Dave Sergeant

Falcon Brook has two main tributaries, I followed the southern branch from Streatham Hill down to the Thames near Clapham as detailed in David Fathers' London's Hidden Rivers. Like the other rivers there is some dispute about where it runs and where its sources are. Starting at Streatham Hill station and finishing at Clapham Junction made it a fairly easy trip on the train and a somewhat earlier start than normal.

So arriving at Streatham Hill around 10.30am I made my way through residential streets to the approximate start point of the brook. The river valley was clearly visible in this area with the appropriately named Valley Road sloping downhill to the start.

This manhole cover in the middle of Valley Road apparently is over the brook and it should have been heard. But it was hardly a sensible place to stand and listen with the noise of the traffic drowning out any possibility of hearing it anyway. Also near here is the site of Streatham Spa many years ago, replaced until the 1950s with a milk bottling plant. On the site now is a doctor's surgery.

More residential streets roughly following the route of the brook and passing the busy Streatham High Street Tooting Bec Common is arrived at. I was familiar with Tooting Bec as both the Capital Ring and Green London Way pass through it. But today's walk took a rather longer zigzag route and saw parts I had not seen before. First the Lido, the largest and oldest open air swimming pool in the UK. The green paths made a nice break from the urban bustle half way through my walk.

Although the brook passes through the Bec it has nothing to do with the large pond in the middle, peeked at on the Capital Ring but today I went right round it, very pleasant. Then Dr Johnson Avenue, named after the poet Samuel Johnson who was a frequent visitor to Streatham Spa.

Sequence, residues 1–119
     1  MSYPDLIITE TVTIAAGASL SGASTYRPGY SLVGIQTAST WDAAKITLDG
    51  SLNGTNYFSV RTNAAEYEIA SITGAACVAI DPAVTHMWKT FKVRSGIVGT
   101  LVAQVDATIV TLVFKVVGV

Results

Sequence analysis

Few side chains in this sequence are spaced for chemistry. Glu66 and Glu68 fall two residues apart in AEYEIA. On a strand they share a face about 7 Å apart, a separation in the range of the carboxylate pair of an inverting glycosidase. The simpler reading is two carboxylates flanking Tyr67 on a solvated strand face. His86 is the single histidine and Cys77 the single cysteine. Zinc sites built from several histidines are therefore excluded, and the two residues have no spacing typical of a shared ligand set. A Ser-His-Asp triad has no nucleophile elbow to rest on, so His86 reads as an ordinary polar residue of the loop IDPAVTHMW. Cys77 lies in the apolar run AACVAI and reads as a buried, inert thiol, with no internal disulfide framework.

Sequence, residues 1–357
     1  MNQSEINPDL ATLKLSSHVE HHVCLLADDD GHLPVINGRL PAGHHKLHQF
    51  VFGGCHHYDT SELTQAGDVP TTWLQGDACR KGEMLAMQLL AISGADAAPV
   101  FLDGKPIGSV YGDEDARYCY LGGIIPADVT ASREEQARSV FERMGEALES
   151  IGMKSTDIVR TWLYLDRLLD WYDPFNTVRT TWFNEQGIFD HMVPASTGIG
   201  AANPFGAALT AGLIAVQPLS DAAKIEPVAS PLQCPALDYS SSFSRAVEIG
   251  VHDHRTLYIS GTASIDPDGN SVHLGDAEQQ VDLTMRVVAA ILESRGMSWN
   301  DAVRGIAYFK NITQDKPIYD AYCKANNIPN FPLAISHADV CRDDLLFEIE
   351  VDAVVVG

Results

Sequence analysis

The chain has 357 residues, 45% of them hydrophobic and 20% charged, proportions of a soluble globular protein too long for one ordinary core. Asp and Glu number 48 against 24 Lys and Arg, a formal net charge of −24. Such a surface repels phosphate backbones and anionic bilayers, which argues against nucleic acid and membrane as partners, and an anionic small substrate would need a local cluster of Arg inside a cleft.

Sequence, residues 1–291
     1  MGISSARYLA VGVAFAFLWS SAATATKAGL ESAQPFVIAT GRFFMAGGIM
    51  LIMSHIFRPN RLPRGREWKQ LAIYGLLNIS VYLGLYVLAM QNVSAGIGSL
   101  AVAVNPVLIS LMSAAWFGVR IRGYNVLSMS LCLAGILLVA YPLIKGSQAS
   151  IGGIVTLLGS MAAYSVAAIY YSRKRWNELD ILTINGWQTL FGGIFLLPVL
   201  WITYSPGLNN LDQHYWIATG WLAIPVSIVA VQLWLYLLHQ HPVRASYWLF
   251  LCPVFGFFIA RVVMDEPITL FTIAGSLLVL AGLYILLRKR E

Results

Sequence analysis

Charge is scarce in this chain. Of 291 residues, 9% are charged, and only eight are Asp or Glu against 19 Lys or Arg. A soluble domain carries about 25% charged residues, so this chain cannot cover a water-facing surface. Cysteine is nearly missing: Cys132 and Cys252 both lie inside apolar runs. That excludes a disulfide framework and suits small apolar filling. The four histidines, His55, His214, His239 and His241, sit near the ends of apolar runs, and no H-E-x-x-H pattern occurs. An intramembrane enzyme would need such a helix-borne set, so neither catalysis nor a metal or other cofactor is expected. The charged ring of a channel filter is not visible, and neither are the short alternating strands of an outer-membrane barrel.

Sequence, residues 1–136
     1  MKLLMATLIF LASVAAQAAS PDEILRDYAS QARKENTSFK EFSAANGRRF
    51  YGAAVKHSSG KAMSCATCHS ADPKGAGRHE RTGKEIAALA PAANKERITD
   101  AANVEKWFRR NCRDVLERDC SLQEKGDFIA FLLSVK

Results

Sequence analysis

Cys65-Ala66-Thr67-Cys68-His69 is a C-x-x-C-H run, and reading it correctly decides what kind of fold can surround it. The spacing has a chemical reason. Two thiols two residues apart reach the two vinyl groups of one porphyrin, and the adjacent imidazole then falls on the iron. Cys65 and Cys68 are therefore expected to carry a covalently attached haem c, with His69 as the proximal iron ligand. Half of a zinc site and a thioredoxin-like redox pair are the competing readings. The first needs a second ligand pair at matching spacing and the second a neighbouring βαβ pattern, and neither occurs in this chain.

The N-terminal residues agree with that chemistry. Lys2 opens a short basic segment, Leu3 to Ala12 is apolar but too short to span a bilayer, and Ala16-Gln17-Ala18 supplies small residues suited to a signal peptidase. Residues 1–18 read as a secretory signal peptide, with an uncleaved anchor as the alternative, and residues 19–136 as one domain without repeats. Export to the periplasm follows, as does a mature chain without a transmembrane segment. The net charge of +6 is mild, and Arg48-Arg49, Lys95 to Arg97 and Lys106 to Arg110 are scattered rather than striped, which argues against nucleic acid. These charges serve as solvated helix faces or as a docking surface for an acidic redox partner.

Out of the Bec and back to suburban streets. Northcote Road runs along the brook valley with the side streets rising steeply between Clapham and Wandsworth commons. The section nearest Clapham Junction is now an affluent shopping and restaurant area. I stopped for lunch at the Falcon, one of the oldest pubs in the area and the current one was built in 1880. It seemed much smaller inside than it looked outside, maybe because it claims to have the longest bar in the UK which occupies most of the space. Whatever, nice lunch.

Across the road is Arding and Hobbs, one of the first department stores. Recently part of the Debenhams chain, but with the demise of them it is currently being redeveloped as a mixed shopping and office space. TK Maxx presently trades there. The road here becomes Falcon Road after the brook and my route continued under Clapham Junction station. Everything around here seems to be called Falcon something, Falcon Barbers pictured.

The route left Falcon Road to follow the brook as it went through York Gardens down to the Thames. In the gardens is Falconbrook Pumping Station built to reduce flooding from the brook in the area. Currently being worked on as part of the Thames Tideway Tunnel project. Finally out to the Thames where at low tide the outflow is visible, but not today. Then a walk along the busy York Road and then Falcon Road down to Clapham Junction and the train home.

Back to London Loop